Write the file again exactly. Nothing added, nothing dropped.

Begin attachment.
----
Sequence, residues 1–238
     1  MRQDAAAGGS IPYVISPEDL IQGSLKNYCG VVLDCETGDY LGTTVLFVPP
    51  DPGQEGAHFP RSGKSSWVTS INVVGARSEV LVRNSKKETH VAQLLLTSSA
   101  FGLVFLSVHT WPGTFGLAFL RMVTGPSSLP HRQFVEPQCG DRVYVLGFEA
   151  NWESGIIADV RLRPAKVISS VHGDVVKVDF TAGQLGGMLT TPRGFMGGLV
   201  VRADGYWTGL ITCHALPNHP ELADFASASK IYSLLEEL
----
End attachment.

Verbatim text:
Sequence, residues 1–238
     1  MRQDAAAGGS IPYVISPEDL IQGSLKNYCG VVLDCETGDY LGTTVLFVPP
    51  DPGQEGAHFP RSGKSSWVTS INVVGARSEV LVRNSKKETH VAQLLLTSSA
   101  FGLVFLSVHT WPGTFGLAFL RMVTGPSSLP HRQFVEPQCG DRVYVLGFEA
   151  NWESGIIADV RLRPAKVISS VHGDVVKVDF TAGQLGGMLT TPRGFMGGLV
   201  VRADGYWTGL ITCHALPNHP ELADFASASK IYSLLEEL